“Now is a good time,” he said, “when all the old men and chiefs are here together, to decide what the people shall do. We came over the mountain to make our lodges for next year. Our old ones are good for nothing; they are rotten and worn out. But we have been disappointed. We have killed buffalo bulls enough, but we have found no herds of cows, and the skins of bulls are too thick and heavy for our squaws to make lodges of. There must be plenty of cows about the Medicine-Bow Mountain. We ought to go there. To be sure it is farther westward than we have ever been before, and perhaps the Snakes will attack us, for those hunting-grounds belong to them. But we must have new lodges at any rate; our old ones will not serve for another year. We ought not to be afraid of the Snakes. Our warriors are brave, and they are all ready for war. Besides, we have three white men with their rifles to help us.”
I could not help thinking that the old man relied a little too much on the aid of allies, one of whom was a coward, another a blockhead, and the third an invalid. This speech produced a good deal of debate. As Reynal did not interpret what was said, I could only judge of the meaning by the features and gestures of the speakers. At the end of it, however, the greater number seemed to have fallen in with Mene-Seela’s opinion. A short silence followed, and then the old man struck up a discordant chant, which I was told was a song of thanks for the entertainment I had given them.
“Now,” said he, “let us go and give the white men a chance to breathe.”
So the company all dispersed into the open air, and for some time the old chief was walking round the village, singing his song in praise of the feast, after the usual custom of the nation.
At last the day drew to a close, and as the sun went down the horses came trooping from the surrounding plains to be picketed before the dwellings of their respective masters. Soon within the great circle of lodges appeared another concentric circle of restless horses; and here and there fires were glowing and flickering amid the gloom of the dusky figures around them. I went over and sat by the lodge of Reynal. The Eagle-Feather, who was a son of Mene-Seela, and brother of my host the Big Crow, was seated there already, and I asked him if the village would move in the morning. He shook his head, and said that nobody could tell, for since old Mahto-Tatonka had died, the people had been like children that did not know their own minds. They were no better than a body without a head. So I, as well as the Indians themselves, fell asleep that night without knowing whether we should set out in the morning toward the country of the Snakes.
At daybreak, however, as I was coming up from the river after my morning’s ablutions, I saw that a movement was contemplated. Some of the lodges were reduced to nothing but bare skeletons of poles; the leather covering of others was flapping in the wind as the squaws were pulling it off. One or two chiefs of note had resolved, it seemed, on moving; and so having set their squaws at work, the example was tacitly followed by the rest of the village. One by one the lodges were sinking down in rapid succession, and where the great circle of the village had been only a moment before, nothing now remained but a ring of horses and Indians, crowded in confusion together. The ruins of the lodges were spread over the ground, together with kettles, stone mallets, great ladles of horn, buffalo robes, and cases of painted hide, filled with dried meat. Squaws bustled about in their busy preparations, the old hags screaming to one another at the stretch of their leathern lungs. The shaggy horses were patiently standing while the lodge-poles were lashed to their sides, and the baggage piled upon their backs. The dogs, with their tongues lolling out, lay lazily panting, and waiting for the time of departure. Each warrior sat on the ground by the decaying embers of his fire, unmoved amid all the confusion, while he held in his hand the long trail-rope of his horse.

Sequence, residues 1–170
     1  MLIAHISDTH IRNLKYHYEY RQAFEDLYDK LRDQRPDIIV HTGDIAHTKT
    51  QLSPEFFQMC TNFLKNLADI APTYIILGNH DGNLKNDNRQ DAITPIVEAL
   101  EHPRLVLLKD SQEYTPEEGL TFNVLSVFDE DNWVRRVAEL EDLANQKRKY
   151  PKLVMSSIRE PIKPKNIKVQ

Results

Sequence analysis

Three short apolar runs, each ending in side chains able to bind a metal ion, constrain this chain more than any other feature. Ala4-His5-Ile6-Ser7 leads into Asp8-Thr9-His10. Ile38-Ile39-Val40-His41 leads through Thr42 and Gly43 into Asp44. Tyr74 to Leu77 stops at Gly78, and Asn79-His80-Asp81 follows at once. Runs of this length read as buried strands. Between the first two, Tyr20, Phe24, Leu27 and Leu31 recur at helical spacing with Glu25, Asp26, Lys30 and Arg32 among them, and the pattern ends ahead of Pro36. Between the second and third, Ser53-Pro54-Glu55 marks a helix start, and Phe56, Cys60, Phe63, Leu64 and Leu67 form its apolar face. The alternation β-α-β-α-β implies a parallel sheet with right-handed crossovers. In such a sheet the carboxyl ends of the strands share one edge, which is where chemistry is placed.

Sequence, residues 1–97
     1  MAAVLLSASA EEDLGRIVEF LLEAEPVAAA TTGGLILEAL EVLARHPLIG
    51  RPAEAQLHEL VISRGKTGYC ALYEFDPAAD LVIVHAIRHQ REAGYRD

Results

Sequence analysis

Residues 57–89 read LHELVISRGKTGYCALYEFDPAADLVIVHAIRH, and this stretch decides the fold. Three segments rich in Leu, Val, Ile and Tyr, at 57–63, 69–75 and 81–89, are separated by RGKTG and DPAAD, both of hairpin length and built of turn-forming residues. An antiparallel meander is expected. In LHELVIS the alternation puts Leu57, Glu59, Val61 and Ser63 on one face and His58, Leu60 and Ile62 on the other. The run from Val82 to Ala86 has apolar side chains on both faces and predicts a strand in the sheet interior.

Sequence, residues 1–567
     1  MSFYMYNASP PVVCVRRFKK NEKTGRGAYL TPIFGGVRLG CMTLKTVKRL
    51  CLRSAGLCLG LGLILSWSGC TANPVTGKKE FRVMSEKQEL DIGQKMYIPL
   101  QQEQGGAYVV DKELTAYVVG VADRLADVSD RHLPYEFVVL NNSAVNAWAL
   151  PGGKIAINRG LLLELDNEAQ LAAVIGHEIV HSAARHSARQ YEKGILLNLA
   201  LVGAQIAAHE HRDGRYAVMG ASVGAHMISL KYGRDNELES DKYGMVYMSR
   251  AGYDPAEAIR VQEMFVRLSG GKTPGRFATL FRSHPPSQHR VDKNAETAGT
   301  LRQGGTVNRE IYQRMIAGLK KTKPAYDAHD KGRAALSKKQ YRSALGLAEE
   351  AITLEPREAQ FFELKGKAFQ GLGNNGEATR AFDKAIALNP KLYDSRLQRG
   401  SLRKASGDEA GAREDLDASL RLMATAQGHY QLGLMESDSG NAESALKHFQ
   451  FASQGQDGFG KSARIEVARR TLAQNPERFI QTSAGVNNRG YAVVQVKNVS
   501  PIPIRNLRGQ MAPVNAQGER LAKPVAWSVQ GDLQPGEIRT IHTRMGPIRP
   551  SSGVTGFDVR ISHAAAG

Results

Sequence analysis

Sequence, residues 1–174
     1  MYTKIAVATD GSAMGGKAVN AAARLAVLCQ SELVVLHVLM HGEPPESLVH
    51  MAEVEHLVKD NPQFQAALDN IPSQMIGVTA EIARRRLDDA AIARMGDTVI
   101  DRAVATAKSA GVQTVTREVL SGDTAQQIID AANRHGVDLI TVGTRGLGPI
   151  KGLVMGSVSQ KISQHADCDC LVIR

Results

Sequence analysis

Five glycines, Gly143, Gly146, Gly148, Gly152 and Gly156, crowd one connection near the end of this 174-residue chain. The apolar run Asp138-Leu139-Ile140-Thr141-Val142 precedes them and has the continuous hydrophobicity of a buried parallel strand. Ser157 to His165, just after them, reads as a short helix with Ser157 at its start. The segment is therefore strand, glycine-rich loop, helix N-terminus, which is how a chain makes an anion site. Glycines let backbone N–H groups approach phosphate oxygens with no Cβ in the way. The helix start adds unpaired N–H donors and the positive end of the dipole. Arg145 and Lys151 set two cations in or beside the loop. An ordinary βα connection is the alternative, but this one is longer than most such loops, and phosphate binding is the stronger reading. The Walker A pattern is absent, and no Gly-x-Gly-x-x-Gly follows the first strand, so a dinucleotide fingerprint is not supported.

As their preparations were completed, each family moved off the ground. The crowd was rapidly melting away. I could see them crossing the river, and passing in quick succession along the profile of the hill on the farther bank. When all were gone, I mounted and set out after them, followed by Raymond, and as we gained the summit, the whole village came in view at once, straggling away for a mile or more over the barren plains before us. Everywhere the iron points of lances were glittering. The sun never shone upon a more strange array. Here were the heavy-laden pack horses, some wretched old women leading them, and two or three children clinging to their backs. Here were mules or ponies covered from head to tail with gaudy trappings, and mounted by some gay young squaw, grinning bashfulness and pleasure as the Meneaska looked at her. Boys with miniature bows and arrows were wandering over the plains, little naked children were running along on foot, and numberless dogs were scampering among the feet of the horses. The young braves, gaudy with paint and feathers, were riding in groups among the crowd, and often galloping, two or three at once along the line, to try the speed of their horses. Here and there you might see a rank of sturdy pedestrians stalking along in their white buffalo robes. These were the dignitaries of the village, the old men and warriors, to whose age and experience that wandering democracy yielded a silent deference. With the rough prairie and the broken hills for its background, the restless scene was striking and picturesque beyond description. Days and weeks made me familiar with it, but never impaired its effect upon my fancy.